“You work? What do you do?”
“I manage a worldwide marketing program for one of the software brands at xyz company.” (As I write this, xyz company has an advertisement running on the “Welcome To The Mom Blog” screen on this website.)
The conversation ended so abruptly that I didn’t even feel like I could add the disclaimer, “I telecommute,” as an attempt to bridge the gap between me and the at-home mom with whom I was sitting, and the other two at-home moms to whom she had introduced.
We were at a bandstand concert in the town next to where some of our other sons were at baseball practice. She had warmly extended the invite to join them. My oldest and her oldest, as well as several of her friends’ sons would all be playing on either the same summer baseball team or the same football team or both. So we had all that in common and while two of their husbands coached football and would be coaching my kids, I had gone to high school with one of the people who started the football league in our town, so we had a lot to talk about. Until my disclosure that I worked.
Oftentimes a mom’s – especially a working mom’s – circle of friends is influenced by who their kids’ friends are, which is influenced by the activities in which kids participate, since our “leisure” (i.e., “nonworking”) time overlaps with our kids’ activities (I normally do not bring my work with me). It was a beautiful day and the band sounded great. I had felt particularly elated that I had met these ladies. Until my disclosure. Then I began mentally tallying my litany of faults.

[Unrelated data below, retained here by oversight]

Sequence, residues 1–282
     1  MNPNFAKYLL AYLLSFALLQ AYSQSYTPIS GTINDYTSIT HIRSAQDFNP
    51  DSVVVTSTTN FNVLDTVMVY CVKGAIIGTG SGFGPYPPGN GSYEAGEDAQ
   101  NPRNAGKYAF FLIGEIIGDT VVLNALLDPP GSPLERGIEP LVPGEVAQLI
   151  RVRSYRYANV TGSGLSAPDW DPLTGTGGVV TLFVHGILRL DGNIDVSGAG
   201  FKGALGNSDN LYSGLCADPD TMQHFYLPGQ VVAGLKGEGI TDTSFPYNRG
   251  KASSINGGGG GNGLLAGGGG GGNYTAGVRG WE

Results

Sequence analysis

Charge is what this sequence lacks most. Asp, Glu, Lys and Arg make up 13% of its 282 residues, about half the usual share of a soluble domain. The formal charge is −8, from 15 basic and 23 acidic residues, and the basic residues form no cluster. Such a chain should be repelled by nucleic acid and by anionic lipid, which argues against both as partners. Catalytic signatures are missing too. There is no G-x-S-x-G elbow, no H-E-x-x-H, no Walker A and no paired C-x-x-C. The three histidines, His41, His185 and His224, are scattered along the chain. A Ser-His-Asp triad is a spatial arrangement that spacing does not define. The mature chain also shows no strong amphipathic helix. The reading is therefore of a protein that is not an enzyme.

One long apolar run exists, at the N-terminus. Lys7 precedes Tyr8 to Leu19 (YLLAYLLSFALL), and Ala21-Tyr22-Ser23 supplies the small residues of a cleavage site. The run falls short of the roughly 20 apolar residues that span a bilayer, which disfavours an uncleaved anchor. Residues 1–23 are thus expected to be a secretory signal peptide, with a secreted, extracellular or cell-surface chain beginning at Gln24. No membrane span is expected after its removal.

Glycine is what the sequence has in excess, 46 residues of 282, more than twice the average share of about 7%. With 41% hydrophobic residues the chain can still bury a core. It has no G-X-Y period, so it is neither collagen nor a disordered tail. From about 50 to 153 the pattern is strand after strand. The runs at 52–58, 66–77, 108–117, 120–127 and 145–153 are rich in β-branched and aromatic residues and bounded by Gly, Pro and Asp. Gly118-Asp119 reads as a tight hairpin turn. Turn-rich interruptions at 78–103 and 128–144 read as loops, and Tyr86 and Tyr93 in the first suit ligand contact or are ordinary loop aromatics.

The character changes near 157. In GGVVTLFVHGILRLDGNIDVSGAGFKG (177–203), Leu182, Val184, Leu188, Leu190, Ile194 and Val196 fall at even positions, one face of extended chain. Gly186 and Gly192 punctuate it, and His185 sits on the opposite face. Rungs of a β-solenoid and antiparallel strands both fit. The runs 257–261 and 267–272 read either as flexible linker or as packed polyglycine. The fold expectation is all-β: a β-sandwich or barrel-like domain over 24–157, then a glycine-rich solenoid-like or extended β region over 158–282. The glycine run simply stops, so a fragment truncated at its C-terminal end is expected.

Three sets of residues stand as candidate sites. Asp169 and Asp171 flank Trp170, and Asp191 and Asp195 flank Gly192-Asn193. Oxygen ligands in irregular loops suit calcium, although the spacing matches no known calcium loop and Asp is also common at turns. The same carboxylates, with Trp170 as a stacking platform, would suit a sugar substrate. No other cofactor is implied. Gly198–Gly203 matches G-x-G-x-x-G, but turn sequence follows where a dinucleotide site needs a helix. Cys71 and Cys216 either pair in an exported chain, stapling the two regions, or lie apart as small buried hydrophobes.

As I squirmed uncomfortably, I realized it was more than just the ants on the ground and my youngest in my lap (since this was an impromptu thing to do, I did not bring a folding chair or blanket like seemingly all of the other people at the common.)
I also became self conscious about the poison ivy rash on my arms, which I had become convinced “everyone” must have noticed when I shook their hands. They probably don’t do their own yardwork, either, I thought to myself.
Hmmmph, I continued. I work because I like to work and it is an economic necessity for our family ten months out of the year. Does it make economic sense to work in the summer months when I operate at a deficit after taxes and the cost of keeping my kids in camp full time? No. But I can’t work with them at home (and anyone who thinks I can is welcome to take my three to his place of employment and see how much he gets done). Do I really want to work full time? No. But the corporate world doesn’t get school vacations and summers off. Do I think the government should let us subtract 100% of the cost of childcare from our taxable income? Yes! If it weren’t for childcare, I wouldn’t be contributing to the economy at all.
I knew I had to stop before I went too far down the path of defensive indignation in my head, where I would only be widening the chasm between my new friends and me. Of course, I had no idea what my friend was thinking; I am not a mind reader!
After what felt like an eternity (fortunately for the band, it was not silent), I said, “Well, I’ve got to get back to pick up my son…”
My friend turned and smiled at me. “My husband will be picking mine up. Make sure you introduce yourself and see you next week!” she replied with a smile.